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 Post subject: My First Go Board - Identification Help Needed
Post #1 Posted: Sun Dec 08, 2019 6:05 pm 
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Hello All!

First time poster here. I started learning Go about 2 years ago, and have been mostly playing on OGS. Since I started, I have been wanting to pick up a board as my brother and I play every once in awhile in person.

Yesterday, at a local antique shop, I purchased this set for $24. The people selling it had no idea what it was. I am pretty sure it a good deal at that price point, but I am not sure how good of a deal. So, I have a couple questions...

1) Regarding the board, is there anyway to identify who made it or what time is from? From my limited knowledge, I think it might just be homemade? The lines appear to be on top of various cuts and imperfections, which makes me think someone simply used a large spare piece of wood. I cant imagine a manufacturer would put the lines on top of the imperfections? The craftsmanship is good, but certainly not perfect. The overall condition is pretty rough, but I am okay with that.

2) Regarding the stones, are these possibly slate and shell? Do they make "faux" slate and shell stones? Is there a good way to clean them up a bit, perhaps just a little soap and water? Overall they are in clearly used condition, and a number of them are chipped. Below is a breakdown:

White: 14 Chipped, 159 Not Chipped
Black: 3 Chipped, 175 Not Chipped

3) What would a rough value for this set be? I have no immediate interest in selling it, but would love to know.

Any help on these questions would be greatly appreciated! Also, if this isn't the correct place on the forum to post, please feel free to move the thread.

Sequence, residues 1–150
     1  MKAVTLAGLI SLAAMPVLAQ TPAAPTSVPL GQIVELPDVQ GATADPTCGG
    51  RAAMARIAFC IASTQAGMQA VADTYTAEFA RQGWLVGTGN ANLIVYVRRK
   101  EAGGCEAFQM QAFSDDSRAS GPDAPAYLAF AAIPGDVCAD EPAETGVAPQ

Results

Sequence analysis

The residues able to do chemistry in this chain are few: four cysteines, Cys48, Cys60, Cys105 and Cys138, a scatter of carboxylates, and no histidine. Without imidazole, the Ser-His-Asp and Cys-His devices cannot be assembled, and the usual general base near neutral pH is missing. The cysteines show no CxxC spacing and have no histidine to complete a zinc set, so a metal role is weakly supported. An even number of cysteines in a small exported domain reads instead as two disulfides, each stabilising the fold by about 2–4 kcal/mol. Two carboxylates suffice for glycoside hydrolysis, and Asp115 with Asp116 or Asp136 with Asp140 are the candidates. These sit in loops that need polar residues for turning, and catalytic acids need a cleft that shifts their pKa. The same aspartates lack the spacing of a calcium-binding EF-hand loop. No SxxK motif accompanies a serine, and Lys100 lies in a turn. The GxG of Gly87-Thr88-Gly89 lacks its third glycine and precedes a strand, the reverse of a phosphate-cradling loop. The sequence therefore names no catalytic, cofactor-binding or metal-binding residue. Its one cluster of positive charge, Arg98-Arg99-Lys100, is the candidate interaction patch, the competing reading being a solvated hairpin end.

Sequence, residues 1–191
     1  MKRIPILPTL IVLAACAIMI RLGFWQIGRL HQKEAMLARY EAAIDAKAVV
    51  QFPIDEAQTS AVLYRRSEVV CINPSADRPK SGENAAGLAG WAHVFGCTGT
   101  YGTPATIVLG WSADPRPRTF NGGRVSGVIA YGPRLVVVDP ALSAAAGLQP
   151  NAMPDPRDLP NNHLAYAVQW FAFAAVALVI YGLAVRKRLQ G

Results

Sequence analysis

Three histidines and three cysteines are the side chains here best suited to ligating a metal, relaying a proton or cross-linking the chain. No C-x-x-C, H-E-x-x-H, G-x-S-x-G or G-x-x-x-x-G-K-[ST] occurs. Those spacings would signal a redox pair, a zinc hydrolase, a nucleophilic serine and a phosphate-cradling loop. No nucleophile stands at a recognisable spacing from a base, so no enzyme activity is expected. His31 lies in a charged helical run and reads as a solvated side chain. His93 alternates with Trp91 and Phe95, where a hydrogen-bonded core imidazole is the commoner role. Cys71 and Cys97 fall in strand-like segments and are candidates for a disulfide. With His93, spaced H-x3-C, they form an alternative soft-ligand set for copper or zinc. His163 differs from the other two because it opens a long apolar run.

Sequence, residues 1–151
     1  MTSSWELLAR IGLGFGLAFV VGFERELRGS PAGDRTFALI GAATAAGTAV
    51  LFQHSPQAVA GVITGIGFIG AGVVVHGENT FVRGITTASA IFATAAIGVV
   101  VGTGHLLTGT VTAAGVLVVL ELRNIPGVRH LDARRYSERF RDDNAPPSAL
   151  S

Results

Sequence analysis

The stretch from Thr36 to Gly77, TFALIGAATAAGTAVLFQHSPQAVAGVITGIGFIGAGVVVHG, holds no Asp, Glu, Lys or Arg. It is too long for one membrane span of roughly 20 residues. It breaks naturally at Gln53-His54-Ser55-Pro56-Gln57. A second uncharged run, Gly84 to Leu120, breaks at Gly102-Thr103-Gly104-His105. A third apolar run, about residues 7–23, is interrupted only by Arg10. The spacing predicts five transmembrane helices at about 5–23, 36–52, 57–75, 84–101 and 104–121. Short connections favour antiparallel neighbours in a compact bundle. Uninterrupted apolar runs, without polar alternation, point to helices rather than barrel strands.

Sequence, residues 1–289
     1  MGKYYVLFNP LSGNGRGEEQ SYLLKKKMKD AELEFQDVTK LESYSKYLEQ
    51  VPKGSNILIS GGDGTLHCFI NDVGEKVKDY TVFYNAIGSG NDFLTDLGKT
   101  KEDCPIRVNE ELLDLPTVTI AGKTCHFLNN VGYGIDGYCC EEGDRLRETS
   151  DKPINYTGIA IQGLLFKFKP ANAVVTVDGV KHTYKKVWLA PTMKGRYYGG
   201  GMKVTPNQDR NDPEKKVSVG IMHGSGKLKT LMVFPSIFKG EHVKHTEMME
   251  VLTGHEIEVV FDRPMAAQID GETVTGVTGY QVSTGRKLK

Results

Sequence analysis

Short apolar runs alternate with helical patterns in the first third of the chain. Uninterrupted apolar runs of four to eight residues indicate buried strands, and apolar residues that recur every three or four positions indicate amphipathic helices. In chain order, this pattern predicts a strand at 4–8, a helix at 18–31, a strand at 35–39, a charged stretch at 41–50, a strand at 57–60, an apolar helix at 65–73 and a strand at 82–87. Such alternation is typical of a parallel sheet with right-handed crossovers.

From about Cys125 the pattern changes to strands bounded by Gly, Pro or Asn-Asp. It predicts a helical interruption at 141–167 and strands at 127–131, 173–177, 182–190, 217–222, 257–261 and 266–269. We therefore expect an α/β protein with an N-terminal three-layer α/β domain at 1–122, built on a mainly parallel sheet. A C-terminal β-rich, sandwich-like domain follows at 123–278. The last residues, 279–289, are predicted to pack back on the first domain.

Photobucket: http://s1374.photobucket.com/user/BoyWo ... y/Go_Board


Thanks!

Alex

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Post #2 Posted: Sun Dec 08, 2019 9:45 pm 
Honinbo
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Hi Alex,

Congrats on your new set.

The four legs required a considerable amount of effort ( speaking from one with zero carpentry skills ); unlikely homemade.

Unfortunately, the photos at photobucket appear low-resolution: based on the grainy photos, the stones appear to be slate and shell, around 5 ~ 7mm thick. ( re: calipers )

A little bit of soap ( or dishwashing detergent ) and clean water will go a long way to freshen up your stones.

Based on the photos, $24 seems reasonable. ( unclear which currency; assuming US$ ) Guesstimate: ~50 to 100 years of age. Some tissue or foam papers and a leveler can help even out the legs.
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Never heard of anyone making 'faux' shell and slate stones; the closest to such a beast is Cgoban's 'faux' shell stones! :blackeye:


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 Post subject: Re: My First Go Board - Identification Help Needed
Post #3 Posted: Mon Dec 09, 2019 7:47 pm 
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Hello,
Just a few quick comments.

The board is Katsura. Probably between 1.3 - 1.6 Sun, can't say for sure without measurements.

Based on what I see the stones (in your picture) are Native Japanese (Suwabute/Hyuga) clamshell, not Mexican stones. To be sure I'd need to see a closer picture, but just from a cursory glance that is what they appear to be.

Congratulations on getting a good set ^_^